Todd Harrison: That’s right. Yeah. So it casts more doubt on, you know, how much they were really leaning into the defense strategy here. And so that means looking forward to the next budget request for fiscal year 23, which, you know, by statute is supposed to come out in February. We’ll see if they meet that deadline. But, you know, that’s going to make us look more closely and say, okay, this will be the first budget request, the next one, will be the first one that the Biden administration was able to craft from the beginning, right. And it will be crafted, you know, in alignment with their new defense strategy, which they’re expected to come out with early in the new year. And we’ll be able to see, okay, are they still relying, is the strategy still relying and placing an emphasis on, you know, investments in new technologies, game-changing technologies? And then do we see that reflected in the research and development part of the budget?

Tom Temin: Alright, so then some things that were kind of moved in and out of different procurement accounts, and there’s not really a clear statement of doctrine here in this budget. What about the traditional procurements — platforms and planes and ships and all those things?

Todd Harrison: That was an interesting budgetary maneuver that they did. They essentially punted over to Congress a lot of the hard decisions. And the way you do that in the budget is when you’ve got to meet, you know, a fixed top line, then you — you know, and there’s more more you want to put in it, then you can fit in that top line — then you take things out, cut things out of your budget requests that you know Congress will want to put back in. And then Congress has to figure out how to pay for it, right? Do they give you more money overall? Or do they make other offsetting cuts, difficult cuts, elsewhere in the budget? So that’s essentially what happened in procurement is they cut out things like shipbuilding, they cut out a number of ships from the plan that they’re, you know, they could be pretty confident Congress was going to add those things back in and it looks like Congress will be adding ships and planes back into the budget requests that were taken out. But now Congress, you know, of course, has to figure out how to pay for it.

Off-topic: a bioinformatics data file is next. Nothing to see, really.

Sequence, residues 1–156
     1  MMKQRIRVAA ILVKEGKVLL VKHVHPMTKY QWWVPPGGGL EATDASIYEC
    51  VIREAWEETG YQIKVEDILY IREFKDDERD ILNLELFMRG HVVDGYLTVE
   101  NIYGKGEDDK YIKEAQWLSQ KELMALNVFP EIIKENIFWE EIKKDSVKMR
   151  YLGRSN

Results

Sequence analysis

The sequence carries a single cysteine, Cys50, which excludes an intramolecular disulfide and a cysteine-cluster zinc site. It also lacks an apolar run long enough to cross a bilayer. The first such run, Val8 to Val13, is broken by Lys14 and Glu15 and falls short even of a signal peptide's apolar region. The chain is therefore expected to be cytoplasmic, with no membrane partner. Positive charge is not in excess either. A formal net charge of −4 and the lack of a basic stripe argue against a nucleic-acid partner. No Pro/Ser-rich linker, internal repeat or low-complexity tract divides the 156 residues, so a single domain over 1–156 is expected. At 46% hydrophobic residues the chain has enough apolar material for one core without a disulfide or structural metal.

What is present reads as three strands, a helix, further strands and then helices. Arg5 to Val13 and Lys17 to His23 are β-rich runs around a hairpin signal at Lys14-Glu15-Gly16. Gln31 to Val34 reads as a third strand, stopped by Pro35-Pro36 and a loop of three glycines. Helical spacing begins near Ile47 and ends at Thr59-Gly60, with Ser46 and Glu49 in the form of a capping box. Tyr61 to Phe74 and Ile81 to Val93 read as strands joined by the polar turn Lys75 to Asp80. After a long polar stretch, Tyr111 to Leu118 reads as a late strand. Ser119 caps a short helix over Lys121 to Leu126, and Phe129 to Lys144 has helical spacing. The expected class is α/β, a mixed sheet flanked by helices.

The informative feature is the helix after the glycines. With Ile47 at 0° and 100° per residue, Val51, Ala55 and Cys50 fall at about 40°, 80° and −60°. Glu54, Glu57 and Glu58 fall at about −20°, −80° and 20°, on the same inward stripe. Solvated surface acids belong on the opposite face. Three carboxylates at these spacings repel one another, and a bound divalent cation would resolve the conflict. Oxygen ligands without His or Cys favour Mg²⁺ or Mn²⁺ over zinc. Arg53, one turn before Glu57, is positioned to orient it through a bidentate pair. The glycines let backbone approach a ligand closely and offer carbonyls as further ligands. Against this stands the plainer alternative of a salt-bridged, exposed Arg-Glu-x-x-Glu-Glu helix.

Tom Temin: Well, that’s right. What we saw from the appropriations that didn’t come through is that there was a big plus up, and that was supported by both Republicans and enough Democrats to make it into those bills. But you know, they haven’t really finished up yet.

Todd Harrison: That’s right. So that they haven’t finished up yet. But in the authorization bill that came out, it’s authorizing about $15 billion in additional procurement money. And so it is going back and authorizing those ships that were taken out, and a lot more airplanes than DoD had planned on buying. And, you know, the appropriations, if you look at the the appropriations bill that made it through the house, it actually only adds about $2 billion — $2.1 billion in procurement funding. If you look at the appropriations bill that was introduced in the Senate, although it’s not passed anything yet, it adds $9.3 billion and procurement funding. So it seems pretty likely that Congress will end up adding procurement funding. But you know, we don’t know the specifics yet until they come out with a final compromised version of the appropriations.